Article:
Hunter Recruitment | Growing a Culture of Hunting
By Todd Helms
We’ve all seen the statistics. Hunter numbers are down, way down. There are fewer than 12 million hunters in the United States as we speak. To put it another way, that’s less than 5% of the roughly 325 million people living in the U.S. Five percent, for crying out loud, the percentage of Americans who don’t own a car hovers around 9%, there are more Americans who have foregone automobiles than who hunt! That is a problem on several counts, but the funding of conservation is the most pressing as things with no value are quickly done away with in our modern world and hunters value wildlife and wild places more than any other segment of our population.
The North American Model of Conservation rests squarely upon the shoulders of outdoorsmen, most specifically hunters; tax dollars and license sales are the primary sources of funding for wildlife management and habitat work. So, the wildlife are the ones who truly suffer when fewer hunters take the field each year. With the number of American hunters dwindling how long will it be before there is no longer a science-based conservation model in place? When that happens I fear for the future of our wildlife.
So, what can be done? I’ve drilled you with facts that most of you already know and scenarios that most of you have already contemplated but I will now challenge you to pick up the gauntlet thrown down before us all and do your part to infuse new blood into the ranks of the American hunting community, and by American, I mean North American, as this is a fight without a DMZ.
Who first took you hunting? For an awful lot of us it was a family member; father, mother, uncle, aunt, grandparent. The point is that it was someone whom you likely respected and had a close personal relationship with. My dad began letting my brother and I tag along at very tender ages to make sure we fell in love with hunting. I’ve already had my three-year-old and two-year-old daughters on pronghorn hunts and in duck blinds. They, like their father before them, are learning early to appreciate the hunt, the special place wild animals have in our lives and the meat, antlers, horns, hides and feathers that nourish us physically as well as mentally.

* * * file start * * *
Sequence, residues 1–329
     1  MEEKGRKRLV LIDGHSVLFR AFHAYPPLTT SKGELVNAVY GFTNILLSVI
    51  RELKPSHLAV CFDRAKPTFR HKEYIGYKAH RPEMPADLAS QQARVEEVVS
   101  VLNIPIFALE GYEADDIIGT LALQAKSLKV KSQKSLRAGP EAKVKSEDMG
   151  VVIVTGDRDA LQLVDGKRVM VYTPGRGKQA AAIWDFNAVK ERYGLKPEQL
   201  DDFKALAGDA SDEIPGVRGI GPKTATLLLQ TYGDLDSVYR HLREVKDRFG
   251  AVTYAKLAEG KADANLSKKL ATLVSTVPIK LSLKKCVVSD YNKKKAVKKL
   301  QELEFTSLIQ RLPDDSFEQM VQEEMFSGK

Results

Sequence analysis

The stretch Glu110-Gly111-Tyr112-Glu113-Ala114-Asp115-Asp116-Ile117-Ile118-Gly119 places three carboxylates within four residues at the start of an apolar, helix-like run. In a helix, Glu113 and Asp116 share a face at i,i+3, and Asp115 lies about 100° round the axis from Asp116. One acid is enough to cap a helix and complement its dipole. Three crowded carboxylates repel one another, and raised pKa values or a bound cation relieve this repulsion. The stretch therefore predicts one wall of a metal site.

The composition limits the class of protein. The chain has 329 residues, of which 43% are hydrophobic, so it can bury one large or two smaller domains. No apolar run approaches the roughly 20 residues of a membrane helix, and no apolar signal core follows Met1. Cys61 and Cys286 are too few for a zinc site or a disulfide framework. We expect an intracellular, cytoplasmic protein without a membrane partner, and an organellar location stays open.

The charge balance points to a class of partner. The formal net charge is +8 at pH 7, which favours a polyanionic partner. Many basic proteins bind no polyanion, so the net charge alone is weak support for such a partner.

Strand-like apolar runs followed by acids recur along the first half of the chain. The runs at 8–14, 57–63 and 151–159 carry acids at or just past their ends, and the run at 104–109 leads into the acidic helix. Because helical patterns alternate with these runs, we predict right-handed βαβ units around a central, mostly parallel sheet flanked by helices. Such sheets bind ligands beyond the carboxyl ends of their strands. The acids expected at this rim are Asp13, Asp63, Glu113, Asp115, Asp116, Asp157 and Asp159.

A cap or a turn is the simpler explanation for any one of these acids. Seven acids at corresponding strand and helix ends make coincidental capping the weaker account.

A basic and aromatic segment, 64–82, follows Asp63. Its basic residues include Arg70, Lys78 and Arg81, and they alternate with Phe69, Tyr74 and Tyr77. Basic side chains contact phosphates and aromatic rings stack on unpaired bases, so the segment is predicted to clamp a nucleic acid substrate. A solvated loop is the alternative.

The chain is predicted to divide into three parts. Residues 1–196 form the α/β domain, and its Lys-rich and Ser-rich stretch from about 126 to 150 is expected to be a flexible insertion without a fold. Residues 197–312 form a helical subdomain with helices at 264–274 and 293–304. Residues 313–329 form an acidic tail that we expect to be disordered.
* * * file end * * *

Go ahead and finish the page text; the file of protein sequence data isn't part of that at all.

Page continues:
Introducing loved ones to hunting is almost an instinctual act for hunters, we love it, so we desire those whom we love to share our passion. That’s natural, it’s human. However, when was the last time you asked someone from outside your comfortable little sphere to accompany you on a hunt? Especially someone who does not hunt and is perhaps trying to make up their mind about hunting. When I was teaching and coaching I was fond of telling my students and athletes that “nothing grows in a comfort zone…” and it is growth that we need in the fight to maintain our privileged status as caretakers of the wild, as hunters.
Our task then, must needs be to look beyond kith and kin to broaden our ranks in the future. I’m not saying to neglect friends and family, my challenge to us all is to look beyond those familiar to us for our next hunting partner and instead find the folks on the fringes of our sport.
Being a teacher and coach for the bulk of my professional life I have had the privilege to introduce many young people to the joys of hunting. There was always a kid who desperately needed to spend time in the outdoors learning the disciplines only afforded to hunters. While not all of us have such tremendous influence as teachers and coaches we all have the opportunity to help kids who need hunting as much as hunting needs them. Non-hunting friends, church, 4-H, Game and Fish agency youth programs – each of these groups are loaded with kids in need of mentorship. In fact, I’m surely forgetting some places where youngsters may be recruited. Use your imagination.
Some thoughts on this…. If you’re a male and have an opportunity to mentor a young lady or girl make sure you do so in a group setting, or better yet, drag her parents/guardians along with you, you may just hook them too. The same goes for adult females with young men and boys… I know, I know but it’s the world we live in. Keep in mind that kids have limited means; too young to drive, no personal income, etc. This equates to you providing gear, food, transportation as well as your knowledge, time, patience and long-term dedication. Kids are a tricky demographic because an awful lot of them who are introduced to hunting don’t stick with it as they grow. This is due to lack of opportunity mostly but is augmented by societal pressure as well. If you’re going to commit to being a mentor for kids understand that it’s often a lifelong commitment. I have mentored kids who are now adult hunting buddies and the reward is beyond words.